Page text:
Kotlin provides a series of libraries targeted specifically at the web. In our case, since we want to manipulate the DOM, we can import the js.dom.html to access the documentvariable. The resulting code would be

which is very straightforward. We’re using the document.getElementById to retrieve the DOM element and then setting its value using setAttribute. Exactly the same way we’d do it using JavaScript, except here we’re using Kotlin and have the benefit of static typing, among other things.

The standard library already provides support for DOM manipulation, HTML 5 features such as Canvas and Local Storage, as well as wrappers for common libraries such as jQuery. We will be adding more as we go along, and we’ll cover some of them in future posts.

Running the code

Now that we have the code compiled, we need to actually run it. For this we have to reference both the kotlin.js as well as the generated (basic.js) file from our index.html page.

The code corresponding to the main function will automatically be called when the page is loaded.

Once we load our index.html page, we should see the result.


Calling Kotlin from JavaScript

What if we have for instance some code in Kotlin we want to use from JavaScript? For instance, think of scenarios where you need to do some sort of business logic that needs to be repeated both on the client and the server. Well all we need to do is write it and then call it. Here is a simple function written in Kotlin

This is placed inside the same module as the application and we can call it referencing it by the Kotlin module name*

*This API is not final and will most likely change in the future, and probably will be much more compact.

Next Steps

That’s not all that is possible with Kotlin. One thing we haven’t mentioned is the ability to call JavaScript code from within Kotlin and that is something we’ll be covering in a another post, as this one has already become too long!

If you want to play with Kotlin to JavaScript without having to install anything, you can also try it directly in the browser. And as always, give us your feedback!

Refactoring to Functional–Getting Started

This is a multi-part series on Refactoring to Functional Programming

  1. Getting Started
  2. Basic Primitives
  3. Reducing and Flattening Lists
  4. Why Class?

It’s high-time I improve my functional programming skills, and like my fellow countryman*, I’ll do it in the open. Different to Rob though, I’m going to use Kotlin, not Clojure. Reasons are:

  • I’m loving the language and am mostly comfortable with it.
  • I feel it’s a good stepping stone as it provides familiarity, allowing me to focus on functional paradigms.
  • Kotlin claims to have functional aspects. I’m hoping to prove this right.
  • It fits in nicely with my job.

and most importantly, because I want to.

In a series of posts, I’ll try and look at ways of solving problems using a functional approach as opposed to an imperative one. I’m not a big fan of blog post series, primarily because they require some sort of structure and planning, but this is an ongoing process and I’m not going to wait till the end to write about it. And while a certain level of structure will go into these posts, I can’t commit to how it will pan out so we’ll just pretend it’s not a series.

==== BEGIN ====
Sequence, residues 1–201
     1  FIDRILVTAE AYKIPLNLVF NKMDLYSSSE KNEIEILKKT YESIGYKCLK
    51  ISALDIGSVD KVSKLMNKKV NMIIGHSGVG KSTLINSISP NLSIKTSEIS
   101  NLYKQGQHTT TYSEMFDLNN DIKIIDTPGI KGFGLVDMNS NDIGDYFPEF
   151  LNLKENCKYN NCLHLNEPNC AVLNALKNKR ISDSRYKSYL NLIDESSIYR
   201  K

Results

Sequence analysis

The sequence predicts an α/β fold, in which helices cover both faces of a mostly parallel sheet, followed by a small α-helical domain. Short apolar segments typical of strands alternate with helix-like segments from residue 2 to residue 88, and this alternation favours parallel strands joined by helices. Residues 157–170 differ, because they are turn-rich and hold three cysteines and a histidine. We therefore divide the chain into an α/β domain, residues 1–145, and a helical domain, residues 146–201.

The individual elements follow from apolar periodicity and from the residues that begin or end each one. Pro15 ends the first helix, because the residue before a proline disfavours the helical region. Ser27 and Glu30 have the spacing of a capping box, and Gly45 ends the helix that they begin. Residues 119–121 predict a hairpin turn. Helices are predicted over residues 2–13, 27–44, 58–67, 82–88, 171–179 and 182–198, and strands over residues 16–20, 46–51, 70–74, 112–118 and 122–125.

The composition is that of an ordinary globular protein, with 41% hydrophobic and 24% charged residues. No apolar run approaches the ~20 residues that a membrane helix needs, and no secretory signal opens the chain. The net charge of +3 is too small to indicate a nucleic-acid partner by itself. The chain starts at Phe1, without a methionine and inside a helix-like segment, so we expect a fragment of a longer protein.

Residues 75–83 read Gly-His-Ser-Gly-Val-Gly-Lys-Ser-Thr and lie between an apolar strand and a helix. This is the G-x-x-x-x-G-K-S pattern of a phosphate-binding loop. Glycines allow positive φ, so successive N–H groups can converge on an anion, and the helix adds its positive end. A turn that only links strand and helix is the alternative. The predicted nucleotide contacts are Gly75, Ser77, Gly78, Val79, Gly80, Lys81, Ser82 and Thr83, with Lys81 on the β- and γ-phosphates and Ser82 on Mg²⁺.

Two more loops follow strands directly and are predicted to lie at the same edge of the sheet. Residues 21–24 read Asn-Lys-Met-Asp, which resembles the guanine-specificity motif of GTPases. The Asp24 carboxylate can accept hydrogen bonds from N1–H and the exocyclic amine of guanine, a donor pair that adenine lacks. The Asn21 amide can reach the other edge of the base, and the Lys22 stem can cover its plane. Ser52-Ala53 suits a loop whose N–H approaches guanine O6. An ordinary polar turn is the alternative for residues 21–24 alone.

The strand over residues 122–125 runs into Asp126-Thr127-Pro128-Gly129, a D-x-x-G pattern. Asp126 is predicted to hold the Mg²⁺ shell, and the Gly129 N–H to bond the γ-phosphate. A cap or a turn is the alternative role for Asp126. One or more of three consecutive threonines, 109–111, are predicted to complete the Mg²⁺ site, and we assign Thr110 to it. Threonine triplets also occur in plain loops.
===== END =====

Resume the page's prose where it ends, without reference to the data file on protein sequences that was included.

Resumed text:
I want to give up-front credit to @jhusain as some of the ideas and exercises will be based on his LearnRX project as well as my friend Rob whose brain I pick, and will continue to pick with my functional insecurities. Last but not least also thanks to Andrey, who’ll undoubtedly (he doesn’t know yet) will end up doing some reviews.

Functional Programming

Wikipedia defines Functional Programming as

In computer science, functional programming is a programming paradigm, a style of building the structure and elements of computer programs, that treats computation as the evaluation of mathematical functions and avoids state and mutable data. Functional programming emphasizes functions that produce results that depend only on their inputs and not on the program state – i.e. pure mathematical functions. It is a declarative programming paradigm, which means programming is done with expressions.

The key ideas to keep in mind when doing functional programming are:

  1. Everything is a function
    As such we need to stop thinking about objects, classes, etc. other than for returning data or interop with the platform.
  2. Functions should be pure
    A pure function should always return the same output given the same input and should not depend on anything that is not directly the input (i.e. external data). It should also not cause any side-effects.
  3. We shouldn’t maintain state
    Shared state is the root of all evil. Or so they say. In any case, if we can’t really depend on state according to point 2, then why maintain it.
  4. We should consider input infinite
    Apparently it’s better, specially if we combine it with lazy evaluation. We’ll see the benefits at some point. Or at least I hope we do.